Bureaucratic consensus decision-making and health and safety notwithstanding, curator Claire Wilcox has done an awesome job on both the exhibition and the accompanying book – though the print quality (especially the photography) in the not inexpensive catalogue is not great: All the more reason to visit the show. Simply marvel at the magnificent tailoring and complex use of materials from the softest of tulle silks and pheasant feathers to hard-edged razor clam shells, coral, jet and hand painted microscope slides. Lose yourself in McQueen’s mesmerizing and macabre studies of history mixed with street culture. “Clothes don’t come with a notepad – it’s eclectic. It comes from Degas and Monet and my sister in law in Dagenham,” he said. But also from Victorian memento mori, his Scottish heritage, taxidermy, tribal art, cabinets of curiosity, kimonos, religious iconography and psychiatric hospitals.

Whilst McQueen experimented with new techniques and was at the forefront of digital printing and fashion technology, he was also fascinated by creative techniques from the past. One of the most breathtaking pieces in the show is an installation featuring Kate Moss wearing an ethereal gown from the Widows of Culloden show in 2006, which employs the 19th century Pepper’s Ghost illusion technique.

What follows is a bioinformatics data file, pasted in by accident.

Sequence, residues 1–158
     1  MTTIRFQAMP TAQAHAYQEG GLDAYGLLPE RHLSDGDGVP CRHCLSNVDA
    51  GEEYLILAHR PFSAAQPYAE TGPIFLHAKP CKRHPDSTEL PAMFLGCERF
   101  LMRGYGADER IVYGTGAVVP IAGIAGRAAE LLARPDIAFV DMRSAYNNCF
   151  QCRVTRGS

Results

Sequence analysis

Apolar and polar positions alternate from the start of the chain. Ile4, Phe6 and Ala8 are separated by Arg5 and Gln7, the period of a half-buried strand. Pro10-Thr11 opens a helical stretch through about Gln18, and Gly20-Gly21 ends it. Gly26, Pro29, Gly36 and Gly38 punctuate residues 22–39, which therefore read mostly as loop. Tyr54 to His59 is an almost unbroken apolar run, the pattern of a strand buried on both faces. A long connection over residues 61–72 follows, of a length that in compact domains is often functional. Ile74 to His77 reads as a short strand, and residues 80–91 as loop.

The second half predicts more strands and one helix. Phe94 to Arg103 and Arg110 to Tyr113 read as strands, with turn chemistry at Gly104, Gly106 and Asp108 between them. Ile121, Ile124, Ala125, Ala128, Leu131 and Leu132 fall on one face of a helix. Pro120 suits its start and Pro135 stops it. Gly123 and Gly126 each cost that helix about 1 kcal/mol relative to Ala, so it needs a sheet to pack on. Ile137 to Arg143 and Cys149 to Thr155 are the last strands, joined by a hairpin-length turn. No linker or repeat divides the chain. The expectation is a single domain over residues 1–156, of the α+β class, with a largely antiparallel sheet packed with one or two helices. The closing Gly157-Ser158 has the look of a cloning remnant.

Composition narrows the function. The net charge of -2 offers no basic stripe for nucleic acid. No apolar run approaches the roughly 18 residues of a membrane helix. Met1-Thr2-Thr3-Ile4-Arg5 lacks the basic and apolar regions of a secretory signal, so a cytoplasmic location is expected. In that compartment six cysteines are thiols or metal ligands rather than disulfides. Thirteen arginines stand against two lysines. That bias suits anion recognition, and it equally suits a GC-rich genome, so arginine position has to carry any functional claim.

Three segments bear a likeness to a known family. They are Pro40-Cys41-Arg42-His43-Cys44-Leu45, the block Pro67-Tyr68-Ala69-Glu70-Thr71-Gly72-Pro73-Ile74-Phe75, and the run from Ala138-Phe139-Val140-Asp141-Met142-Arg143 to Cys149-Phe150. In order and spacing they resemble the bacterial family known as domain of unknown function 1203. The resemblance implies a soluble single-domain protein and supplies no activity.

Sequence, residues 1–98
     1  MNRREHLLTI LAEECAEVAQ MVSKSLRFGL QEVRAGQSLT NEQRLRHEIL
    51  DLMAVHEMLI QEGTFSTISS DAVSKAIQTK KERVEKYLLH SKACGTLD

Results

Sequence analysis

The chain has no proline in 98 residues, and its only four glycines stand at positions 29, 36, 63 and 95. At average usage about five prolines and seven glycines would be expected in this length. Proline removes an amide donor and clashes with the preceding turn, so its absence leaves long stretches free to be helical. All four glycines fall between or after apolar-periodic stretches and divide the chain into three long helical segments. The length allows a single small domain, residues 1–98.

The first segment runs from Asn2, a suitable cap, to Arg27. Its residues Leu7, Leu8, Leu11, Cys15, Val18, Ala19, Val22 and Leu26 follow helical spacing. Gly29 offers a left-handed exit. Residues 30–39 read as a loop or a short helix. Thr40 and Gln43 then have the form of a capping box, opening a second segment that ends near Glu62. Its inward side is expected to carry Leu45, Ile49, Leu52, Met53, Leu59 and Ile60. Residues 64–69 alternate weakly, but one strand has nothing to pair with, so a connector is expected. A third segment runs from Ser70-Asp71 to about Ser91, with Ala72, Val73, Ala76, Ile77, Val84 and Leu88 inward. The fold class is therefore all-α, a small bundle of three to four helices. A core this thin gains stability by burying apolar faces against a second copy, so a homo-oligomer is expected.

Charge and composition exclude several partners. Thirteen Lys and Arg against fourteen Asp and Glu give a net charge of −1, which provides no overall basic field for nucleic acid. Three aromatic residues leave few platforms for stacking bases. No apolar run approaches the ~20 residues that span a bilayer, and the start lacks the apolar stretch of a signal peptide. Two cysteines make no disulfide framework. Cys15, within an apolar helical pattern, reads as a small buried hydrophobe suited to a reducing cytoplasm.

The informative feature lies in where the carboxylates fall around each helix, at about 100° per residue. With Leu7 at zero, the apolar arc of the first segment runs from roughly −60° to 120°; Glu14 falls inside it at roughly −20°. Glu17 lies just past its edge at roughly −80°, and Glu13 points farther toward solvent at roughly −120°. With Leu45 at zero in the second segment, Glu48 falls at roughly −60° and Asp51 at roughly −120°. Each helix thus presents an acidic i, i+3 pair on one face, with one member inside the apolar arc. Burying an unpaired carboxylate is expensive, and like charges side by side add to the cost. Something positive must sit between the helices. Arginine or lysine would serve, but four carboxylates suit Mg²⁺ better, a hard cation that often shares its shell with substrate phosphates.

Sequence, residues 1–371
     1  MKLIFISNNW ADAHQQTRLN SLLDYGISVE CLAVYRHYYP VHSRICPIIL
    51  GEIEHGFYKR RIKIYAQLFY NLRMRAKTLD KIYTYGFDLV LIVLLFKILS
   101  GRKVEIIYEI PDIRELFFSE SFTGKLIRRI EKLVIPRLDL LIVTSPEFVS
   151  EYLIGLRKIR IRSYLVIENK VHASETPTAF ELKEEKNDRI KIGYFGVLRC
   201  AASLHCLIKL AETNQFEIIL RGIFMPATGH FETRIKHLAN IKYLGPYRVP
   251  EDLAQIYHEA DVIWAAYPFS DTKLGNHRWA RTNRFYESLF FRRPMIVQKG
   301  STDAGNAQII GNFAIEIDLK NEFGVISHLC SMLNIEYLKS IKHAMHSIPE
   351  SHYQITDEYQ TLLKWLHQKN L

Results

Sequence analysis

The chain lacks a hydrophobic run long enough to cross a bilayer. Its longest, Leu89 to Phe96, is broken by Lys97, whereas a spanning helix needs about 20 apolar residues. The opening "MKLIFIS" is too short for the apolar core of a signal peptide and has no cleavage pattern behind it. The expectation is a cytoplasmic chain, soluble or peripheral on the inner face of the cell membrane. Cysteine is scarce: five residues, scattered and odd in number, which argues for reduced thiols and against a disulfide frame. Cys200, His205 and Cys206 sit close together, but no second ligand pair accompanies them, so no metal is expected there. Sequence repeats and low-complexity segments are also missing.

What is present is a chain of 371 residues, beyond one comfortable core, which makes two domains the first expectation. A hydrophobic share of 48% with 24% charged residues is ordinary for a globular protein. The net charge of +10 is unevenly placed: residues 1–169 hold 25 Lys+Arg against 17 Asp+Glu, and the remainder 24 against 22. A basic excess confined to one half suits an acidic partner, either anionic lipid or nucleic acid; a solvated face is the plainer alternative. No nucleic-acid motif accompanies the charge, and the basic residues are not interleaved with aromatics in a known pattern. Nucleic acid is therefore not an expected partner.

For those seeking glitz, there are Swarovski crystals aplenty. And there are so many videos you could spend a day under their spell. Plus beautifully crafted accessories galore, from Philip Treacy’s millinery sculptures to many versions of the now legendary 30cm heel Armadillo shoe from McQueen’s acclaimed Plato’s Atlantis collection. Some pieces have been especially reconstructed for the exhibition, including a chainmail Yashmak from the Eye S/S 2000 collection, which will become a part of the V&A’s permanent display. Some of the key themes and exhibits can also be viewed via a special online museum. Oh, and not forgetting the McQueen memorabilia megastore.


Fortunately, the sheer brilliance of McQueen’s work transcends its luxury storefront and well oiled merchandising machine. This is one of the most extraordinary, extreme and moving shows you will ever see: And see it you must. Regardless of the hype, just go and soak up the artistry and the craftsmanship – and be inspired by the ghost of the genius that was Alexander McQueen. This is sublime.

Alexander McQueen: Savage Beauty is at London’s Victoria and Albert Museum until 2ndAugust, 2015.

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About Author Profile: Susan Muncey

Trend consultant Susan Muncey, is Editor of Visuology Magazine. In 2008, she founded online curiosity shop, ShopCurious.com. She writes on style and trends for several blogs, including Visuology.com, ShopCuriousMag.com and The Dabbler. She previously owned cult West London boutique, Fashion Gallery, one of the first concept stores in the world. Susan graduated in geography from Cambridge University and is also an Associate Member of the CFA Institute. She lives in London with her husband.

One thought on “Alexander McQueen: Savage Beauty

  1. george.jansen55@gmail.com'
    May 7, 2015 at 02:30

    I am pondering “heirloom creation”: could HRH Elizabeth II create one the 10th Duke of Woolarmaroo, dukes 1 through 9 having been omitted, and if so would that qualify?

    And living in the benighted USA, I had to do some math on the 30 cm heels. They must be hard on the wearer’s 300 mms.